Deb Frasier, one of the authors on the TwoWritingTeachers.org Blog wrote this week about writing environments. She dove into how and where she decides to write and then wrote about student writing spaces. Her points about having spaces comfortable and conducive to writing struck a chord with me for a few reasons.
Firstly, I encounter space finding for my writing on a daily basis. I most often settle at our kitchen island counter, perched on a stool, right after my boys leave for school with coffee in hand. I like getting my blog written and posted in the morning. Sometimes I opt for the kitchen table itself, where I can spread my papers. This is mostly reserved for writing a paper for one of my many graduate courses of recent years. Occasionally, I will find myself writing on my bed, or on the couch next to our fireplace, when an idea for a blog piece comes to mind. Aside from writing scholarly papers, I do not need many tools, just my laptop. My husband is envious of my ability to type and while I have never given it much thought, I suppose it is an essential skill as a writer.
Although I have been able to get my blog out and papers written for the last year, not having a dedicated space for writing presents a few problems. First and foremost is the problem of being visible – I am in the common areas of the house, available for all to see and call on. Chores like laundry and lunch dishes beckon me, and concentration is broken for the quick peck on my cheek from my husband, or quick question from my sons. I suppose these interruptions are part of the reason I write in the morning, once everyone is out of the house. For then it is quiet and peaceful, allowing my thoughts to flow freely from my overworked brain through my busy fingers onto the laptop screen. The interruptions are also reason for me to ask my oldest son, who is now a graduate student, if I could convert his bedroom into a dedicated office or writing room for my use. Knowing the importance my writing holds for me, and the fact he will probably never require the use of his bedroom for an extended period of time, he graciously supported the conversion of his former space.
So far this project has been exciting for I have ordered a solid Alder wood writing desk, two filing cabinets of matching wood and a new sofa sleeper. I have yet to pick out paint colors and move an old desk into my youngest son’s room. I am looking forward to having a dedicated space, one with a door I can shut, which will allow me to accomplish my writing more efficiently. At least, I hope that is what will happen. I am sure it will take some adjustment.
The second reason Ms. Frasier’s post resonated with me was because I used to run a small writing group for third graders. This is the first year in seven that I have not had the group. Space at schools is a premium; I know that, especially in a growing district. When writer’s circle started we had empty classrooms, but had no need for those, as the library was directly across the hall from the third grade classrooms. It was convenient, warm, and welcoming. I could not think of a better place for a writer’s circle to be held. In the LMC (library) we were surrounded by books, dictionaries and thesauruses that were readily available. It was generally quiet and there was plenty of table space. We were respectful patrons, keeping our voices low, and picking up after ourselves when writer’s circle was done.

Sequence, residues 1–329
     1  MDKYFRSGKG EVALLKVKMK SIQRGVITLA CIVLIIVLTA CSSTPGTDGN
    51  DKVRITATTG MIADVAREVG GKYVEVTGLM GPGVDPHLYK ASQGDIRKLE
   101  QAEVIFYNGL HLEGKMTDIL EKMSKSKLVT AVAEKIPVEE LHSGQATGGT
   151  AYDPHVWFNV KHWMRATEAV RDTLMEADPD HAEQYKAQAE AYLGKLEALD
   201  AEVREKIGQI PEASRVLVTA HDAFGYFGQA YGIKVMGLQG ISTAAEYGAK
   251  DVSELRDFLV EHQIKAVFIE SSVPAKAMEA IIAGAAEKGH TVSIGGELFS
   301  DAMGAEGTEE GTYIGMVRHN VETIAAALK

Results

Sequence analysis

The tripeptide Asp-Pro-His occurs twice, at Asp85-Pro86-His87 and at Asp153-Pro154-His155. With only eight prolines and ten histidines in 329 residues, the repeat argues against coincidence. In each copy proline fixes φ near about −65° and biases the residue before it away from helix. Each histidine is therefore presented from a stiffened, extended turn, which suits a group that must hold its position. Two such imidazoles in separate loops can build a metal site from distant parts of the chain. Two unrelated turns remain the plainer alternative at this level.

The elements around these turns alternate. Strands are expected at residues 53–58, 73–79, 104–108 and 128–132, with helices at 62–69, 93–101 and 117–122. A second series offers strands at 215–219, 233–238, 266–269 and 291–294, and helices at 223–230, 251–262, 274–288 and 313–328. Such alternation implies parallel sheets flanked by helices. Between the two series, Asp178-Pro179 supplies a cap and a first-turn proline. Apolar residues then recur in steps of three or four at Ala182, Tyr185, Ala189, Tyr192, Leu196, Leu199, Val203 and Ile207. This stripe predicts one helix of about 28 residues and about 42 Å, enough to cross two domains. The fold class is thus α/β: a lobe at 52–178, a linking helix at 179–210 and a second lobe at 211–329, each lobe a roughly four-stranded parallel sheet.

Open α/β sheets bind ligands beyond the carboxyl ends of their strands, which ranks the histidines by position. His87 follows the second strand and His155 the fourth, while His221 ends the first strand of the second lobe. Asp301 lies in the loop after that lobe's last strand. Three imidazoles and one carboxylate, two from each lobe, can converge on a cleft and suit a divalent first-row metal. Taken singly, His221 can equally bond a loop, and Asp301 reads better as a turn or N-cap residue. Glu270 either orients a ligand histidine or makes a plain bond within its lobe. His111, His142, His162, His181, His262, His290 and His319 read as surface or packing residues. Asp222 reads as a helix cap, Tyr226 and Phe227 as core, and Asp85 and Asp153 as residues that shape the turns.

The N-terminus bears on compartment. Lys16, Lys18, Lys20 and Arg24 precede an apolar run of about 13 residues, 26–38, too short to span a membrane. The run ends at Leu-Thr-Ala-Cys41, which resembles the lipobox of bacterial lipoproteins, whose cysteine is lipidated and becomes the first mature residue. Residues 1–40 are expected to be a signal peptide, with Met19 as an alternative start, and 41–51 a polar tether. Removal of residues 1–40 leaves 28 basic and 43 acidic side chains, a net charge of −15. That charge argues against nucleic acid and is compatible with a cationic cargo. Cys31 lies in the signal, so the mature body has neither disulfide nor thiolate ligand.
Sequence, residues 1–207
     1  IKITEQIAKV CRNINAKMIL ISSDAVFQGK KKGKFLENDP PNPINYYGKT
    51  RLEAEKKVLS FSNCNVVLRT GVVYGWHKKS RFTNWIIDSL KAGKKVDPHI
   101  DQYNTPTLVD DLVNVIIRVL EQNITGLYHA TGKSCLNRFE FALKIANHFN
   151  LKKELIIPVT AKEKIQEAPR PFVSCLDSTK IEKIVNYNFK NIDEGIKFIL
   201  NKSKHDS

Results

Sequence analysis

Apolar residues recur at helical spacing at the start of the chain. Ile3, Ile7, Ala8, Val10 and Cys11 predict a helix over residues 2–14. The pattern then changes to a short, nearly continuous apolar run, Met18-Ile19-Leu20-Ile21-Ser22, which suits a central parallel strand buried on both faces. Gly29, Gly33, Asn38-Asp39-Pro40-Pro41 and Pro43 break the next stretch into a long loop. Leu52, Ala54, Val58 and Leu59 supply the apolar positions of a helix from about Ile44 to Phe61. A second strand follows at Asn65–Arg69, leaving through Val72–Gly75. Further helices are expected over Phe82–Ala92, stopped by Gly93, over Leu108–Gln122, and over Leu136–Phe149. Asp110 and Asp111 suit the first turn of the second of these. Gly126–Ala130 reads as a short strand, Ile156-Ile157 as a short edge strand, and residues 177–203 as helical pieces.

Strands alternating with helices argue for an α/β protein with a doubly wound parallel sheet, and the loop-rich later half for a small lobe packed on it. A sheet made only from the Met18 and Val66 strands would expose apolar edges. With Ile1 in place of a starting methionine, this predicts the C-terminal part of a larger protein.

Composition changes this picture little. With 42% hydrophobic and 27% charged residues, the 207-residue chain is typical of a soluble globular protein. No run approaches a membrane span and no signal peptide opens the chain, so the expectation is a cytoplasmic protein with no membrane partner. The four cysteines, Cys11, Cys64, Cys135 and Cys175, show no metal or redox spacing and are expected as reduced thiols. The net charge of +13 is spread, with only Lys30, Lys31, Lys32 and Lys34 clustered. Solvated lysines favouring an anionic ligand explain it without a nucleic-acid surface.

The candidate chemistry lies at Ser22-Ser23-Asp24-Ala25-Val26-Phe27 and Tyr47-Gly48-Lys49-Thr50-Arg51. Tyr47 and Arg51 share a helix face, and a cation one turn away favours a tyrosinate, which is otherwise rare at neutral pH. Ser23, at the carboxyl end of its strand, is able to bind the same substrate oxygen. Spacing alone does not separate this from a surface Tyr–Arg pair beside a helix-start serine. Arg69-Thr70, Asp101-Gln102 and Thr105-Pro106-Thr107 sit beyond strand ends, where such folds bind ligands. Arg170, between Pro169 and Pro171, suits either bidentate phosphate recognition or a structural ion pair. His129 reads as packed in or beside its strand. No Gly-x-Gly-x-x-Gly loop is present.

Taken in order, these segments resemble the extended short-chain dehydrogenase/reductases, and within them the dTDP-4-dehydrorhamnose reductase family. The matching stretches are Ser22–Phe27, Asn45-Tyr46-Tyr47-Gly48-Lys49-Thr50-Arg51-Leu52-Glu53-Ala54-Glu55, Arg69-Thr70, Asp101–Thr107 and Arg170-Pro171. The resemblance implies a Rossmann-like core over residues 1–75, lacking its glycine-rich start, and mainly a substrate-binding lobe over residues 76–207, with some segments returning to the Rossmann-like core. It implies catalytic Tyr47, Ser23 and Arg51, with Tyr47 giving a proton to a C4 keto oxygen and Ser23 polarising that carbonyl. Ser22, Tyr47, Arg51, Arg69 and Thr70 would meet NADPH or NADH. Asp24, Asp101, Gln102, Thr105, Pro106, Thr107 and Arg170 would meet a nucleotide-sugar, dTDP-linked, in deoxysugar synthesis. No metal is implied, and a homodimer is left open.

I am not sure exactly when it happened, other than it was a year or two after we got a new librarian, that I was told I could not hold my 30 minute, once a week, writer’s circle in the LMC! Needless to say, I was shocked and disheartened. We were moved into the cafeteria, being told that was the only available space. Now, even though lunch periods were over, this was a less than ideal – actually, it was a horrible – space for writer’s circle. Kindergarten students paraded in to get their milk for snack time, sometimes the tables were pushed to the side, and of course, we had to make trips to the library if we needed resources like dictionaries or a mentor text. This was our space for two years! I was able to compensate to some extent, bringing in dictionaries from the dollar store, a portable white board, and tote any needed mentor texts with me to our group meetings. But, in general, it was awful. I felt like our group was devalued and pushed aside. I don’t think it was a co-incidence that our group was “forgotten” that year for their year book picture.
It was definitely not a space conducive to student writing. So, reluctantly, I spoke up. During the last two years of writer’s circle we were allowed to use space in support classrooms that had an extra table. It was not ideal, but it worked better than the cafeteria.
To write to the best of their ability, and enjoy the process, students need to have a comfortable and welcoming place for their writing to take place. At the end of her article, Ms. Frasier explores some ways to create writing spaces within classrooms. She advocates taking student choices for their writing space into account. Whether you accept her tips or not, is up to you. Writing is individually driven, just as writing spaces are too.
But, creating a space, for yourself or your students, where it is comfortable and ideas can flow is critical to the writing process. I hope you have such a space. If you can share where you or your students do your best writing, I would love to hear about it in the comments! Thanks!